The proactive management of people with long-term conditions, including the promotion of self-care by patients, is a key priority for the NHS. General practice has a central role in delivering more integrated and personalised care, and in implementing policies that target ‘at-risk’ individuals with appropriate interventions.
The Kings Fund
Long-term conditions (LTCs) are many and varied, encompassing areas such as asthma, diabetes, skin conditions, cancer, high blood pressure, heart disease, arthritis, ME, chronic pain, Alzheimer’s, stroke, and others. Over time the demography of our population has changed. People are living longer and the lifestyle choices that we make have altered considerably, both of which can adversely impact on our susceptibility to developing a LTC. Public Health England’s National General Practice Profiles have been designed to support GPs, NHS Clinical Commissioning Groups (CCGs) as well as Local Authorities to ensure that they are providing and commissioning effective and appropriate healthcare services for the local population. The tool highlights the outcomes of the Quality and Outcomes Framework (QOF) – a part of the General Medical Services Contract demonstrating GP practice achievement over a number of clinical and public health domains – as well as disease prevalence estimates, hospital admission rates and patient satisfaction. The information can be explored by NHS Southern Derbyshire CCG area, and the GP practices that comprise this group.
NHS Health Checks
The NHS Health Check programme aims to prevent the onset of chronic disease in later life. Everyone between the ages of 40 and 74 who has not already been diagnosed with heart disease, stroke, diabetes or kidney disease should be invited once every five years to have a check to assess their risk of developing these conditions. The NHS Health Check programme was rolled out in Derby in 2009. More recently, a community-based model delivered by the Livewell service has been implemented to increase our uptake across the city by targeting hard to reach groups and providing an NHS Health Check service for patients from GP Practices who do not deliver the programme.
The latest national NHS health check profile for Derby shows that the local proportion of health check invitations and take-up of health checks is significantly lower than the national average. However, it is important to note that there are data quality issues with the offer figures for some local authorities showing a proportion greater than 100%. Between quarter 1 of 2013/14 and quarter 4 of 2015/16, 46.2% of eligible people were invited for a health check. Within this period, 47.8% of invited people received a health check. The latest available data indicates that cumulatively, the percentage of eligible people who have received a health check since 1st April 2013 is 22.1%. This is significantly lower than the national average of 27.4%.
There are a number of factors that could account for this. Nationally, data quality issues with identifying eligible patients and the coding of invites and checks may have skewed the comparability of the data. Derby City uses a sophisticated IT software solution that identifies accurately the number of eligible patients in the population and excludes all the checks that have been done on people who are not eligible. In other areas estimations of such eligibility can reflect a more positive picture.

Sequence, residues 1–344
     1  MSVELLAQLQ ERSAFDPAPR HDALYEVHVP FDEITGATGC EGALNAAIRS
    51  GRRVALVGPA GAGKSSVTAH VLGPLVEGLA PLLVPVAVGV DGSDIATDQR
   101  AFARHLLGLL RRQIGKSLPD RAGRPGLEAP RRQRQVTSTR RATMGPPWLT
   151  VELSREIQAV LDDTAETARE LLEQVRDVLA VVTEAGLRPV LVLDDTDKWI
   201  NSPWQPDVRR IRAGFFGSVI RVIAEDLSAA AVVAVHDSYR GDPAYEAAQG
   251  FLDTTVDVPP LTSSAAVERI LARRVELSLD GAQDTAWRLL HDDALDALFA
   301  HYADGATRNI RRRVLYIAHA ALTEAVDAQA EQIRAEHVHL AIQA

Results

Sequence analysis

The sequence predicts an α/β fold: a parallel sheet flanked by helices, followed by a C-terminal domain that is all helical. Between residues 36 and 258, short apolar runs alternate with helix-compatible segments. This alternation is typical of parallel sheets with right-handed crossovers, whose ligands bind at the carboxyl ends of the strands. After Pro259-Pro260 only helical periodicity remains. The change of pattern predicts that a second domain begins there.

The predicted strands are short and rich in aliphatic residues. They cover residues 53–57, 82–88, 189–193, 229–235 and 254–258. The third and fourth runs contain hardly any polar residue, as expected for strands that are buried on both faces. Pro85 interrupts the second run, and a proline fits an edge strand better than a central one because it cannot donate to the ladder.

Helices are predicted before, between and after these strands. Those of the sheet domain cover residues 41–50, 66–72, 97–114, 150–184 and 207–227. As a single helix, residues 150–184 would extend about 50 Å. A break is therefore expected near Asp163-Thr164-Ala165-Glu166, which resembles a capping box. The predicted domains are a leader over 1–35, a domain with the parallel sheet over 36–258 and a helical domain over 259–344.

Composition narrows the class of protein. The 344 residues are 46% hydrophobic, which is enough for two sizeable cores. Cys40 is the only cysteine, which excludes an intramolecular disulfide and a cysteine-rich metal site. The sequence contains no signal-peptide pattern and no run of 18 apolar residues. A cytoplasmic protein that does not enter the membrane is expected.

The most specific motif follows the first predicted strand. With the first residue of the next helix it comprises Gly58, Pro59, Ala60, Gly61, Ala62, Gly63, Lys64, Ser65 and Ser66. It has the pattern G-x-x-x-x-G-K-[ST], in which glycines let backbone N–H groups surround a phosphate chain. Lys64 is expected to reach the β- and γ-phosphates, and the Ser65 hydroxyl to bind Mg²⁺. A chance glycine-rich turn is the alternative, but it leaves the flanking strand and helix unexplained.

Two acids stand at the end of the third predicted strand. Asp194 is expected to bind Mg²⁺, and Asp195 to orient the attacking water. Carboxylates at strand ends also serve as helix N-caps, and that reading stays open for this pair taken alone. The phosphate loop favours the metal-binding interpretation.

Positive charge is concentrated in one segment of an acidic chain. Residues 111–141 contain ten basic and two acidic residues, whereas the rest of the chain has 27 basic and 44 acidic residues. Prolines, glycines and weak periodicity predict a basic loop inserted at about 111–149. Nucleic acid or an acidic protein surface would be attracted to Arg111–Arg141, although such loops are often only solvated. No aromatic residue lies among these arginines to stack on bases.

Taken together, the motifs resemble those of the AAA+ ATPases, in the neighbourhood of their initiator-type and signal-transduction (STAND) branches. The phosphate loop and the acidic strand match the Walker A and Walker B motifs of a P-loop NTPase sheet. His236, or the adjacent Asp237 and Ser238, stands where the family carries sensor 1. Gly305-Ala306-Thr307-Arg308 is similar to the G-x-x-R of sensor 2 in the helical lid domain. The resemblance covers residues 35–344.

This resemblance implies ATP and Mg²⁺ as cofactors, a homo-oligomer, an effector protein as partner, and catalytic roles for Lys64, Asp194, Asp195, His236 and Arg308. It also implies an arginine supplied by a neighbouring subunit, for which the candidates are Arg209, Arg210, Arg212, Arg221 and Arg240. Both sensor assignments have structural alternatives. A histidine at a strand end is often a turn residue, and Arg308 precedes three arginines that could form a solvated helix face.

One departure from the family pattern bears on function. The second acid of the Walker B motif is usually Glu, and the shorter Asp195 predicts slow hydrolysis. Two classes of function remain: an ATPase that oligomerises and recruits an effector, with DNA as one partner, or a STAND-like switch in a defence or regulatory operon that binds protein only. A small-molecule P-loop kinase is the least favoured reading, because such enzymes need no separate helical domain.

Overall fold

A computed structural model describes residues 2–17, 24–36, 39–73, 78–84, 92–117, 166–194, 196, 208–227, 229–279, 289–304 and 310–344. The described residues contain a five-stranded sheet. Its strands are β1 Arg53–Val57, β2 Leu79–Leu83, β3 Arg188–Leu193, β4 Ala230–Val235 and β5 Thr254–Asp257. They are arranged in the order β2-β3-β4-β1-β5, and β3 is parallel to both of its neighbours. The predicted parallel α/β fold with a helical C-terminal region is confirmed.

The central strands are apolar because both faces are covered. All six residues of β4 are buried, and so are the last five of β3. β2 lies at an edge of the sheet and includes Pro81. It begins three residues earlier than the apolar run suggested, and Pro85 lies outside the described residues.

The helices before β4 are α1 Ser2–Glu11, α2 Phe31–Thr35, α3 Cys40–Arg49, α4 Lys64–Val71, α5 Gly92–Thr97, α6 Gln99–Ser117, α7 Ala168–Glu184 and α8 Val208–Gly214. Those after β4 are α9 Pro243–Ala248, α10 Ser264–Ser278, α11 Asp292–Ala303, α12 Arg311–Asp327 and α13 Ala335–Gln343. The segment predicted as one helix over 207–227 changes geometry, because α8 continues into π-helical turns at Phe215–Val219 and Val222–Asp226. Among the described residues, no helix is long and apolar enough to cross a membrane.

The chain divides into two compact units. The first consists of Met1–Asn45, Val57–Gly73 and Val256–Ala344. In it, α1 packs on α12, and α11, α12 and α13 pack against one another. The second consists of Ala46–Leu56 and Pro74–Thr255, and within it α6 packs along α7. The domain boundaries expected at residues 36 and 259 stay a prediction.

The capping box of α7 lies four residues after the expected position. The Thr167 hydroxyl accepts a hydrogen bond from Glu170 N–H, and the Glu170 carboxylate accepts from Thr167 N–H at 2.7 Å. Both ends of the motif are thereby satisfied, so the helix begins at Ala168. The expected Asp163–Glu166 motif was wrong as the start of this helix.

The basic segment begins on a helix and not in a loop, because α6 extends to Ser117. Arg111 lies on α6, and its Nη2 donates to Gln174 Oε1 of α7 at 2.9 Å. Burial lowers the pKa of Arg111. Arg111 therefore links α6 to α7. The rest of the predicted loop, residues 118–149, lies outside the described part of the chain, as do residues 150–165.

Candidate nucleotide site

In addition to data quality and the comparability across the country, five of Derby’s GP Practices have chosen to opt out of the programme since April 2014 which has affected the overall numbers being delivered locally. To help offset the effects of this, a new community delivery model has been specifically working to increase uptake within the five practice populations for whom health checks are not formally delivered. Delivered by Livewell, this community engagement takes place in mosques, work places, libraries and many other community locations to increase accessibility of the service. In 2015/16, 670 NHS Health Checks were completed in the community, of which 338 people (50%) were referred back to their GP for further investigation and/or treatment.
Derby performs comparably with the national average across related risk factors in adults such as obesity, physical inactivity and smoking. However, the percentage of people living in deprivation and hospital admission episodes for alcohol-related conditions are significantly higher than the national and regional averages.
Disease and death
In Derby, 1.6% of patients recorded on practice disease registers have a stroke or transient ischaemic attack (TIA). This is significantly lower than the national and regional average. Derby performs significantly worse than the national average in relation to the following:
- Percentage of patients aged 17 years and over with diabetes prevalence – 7.1%
- Percentage of patients aged 18 years and over with chronic kidney disease (CKD) – 4.3%
- Age-standardised rate of mortality considered preventable from all cardiovascular diseases in people under 75 – 57.3 per 100,000
Derby performs comparably with the national average in relation to the following:
- Percentage of patients with coronary heart disease – 3.2%
- Age-standardised rate of mortality considered preventable from all cancers in people under 75 – 88.8 per 100,000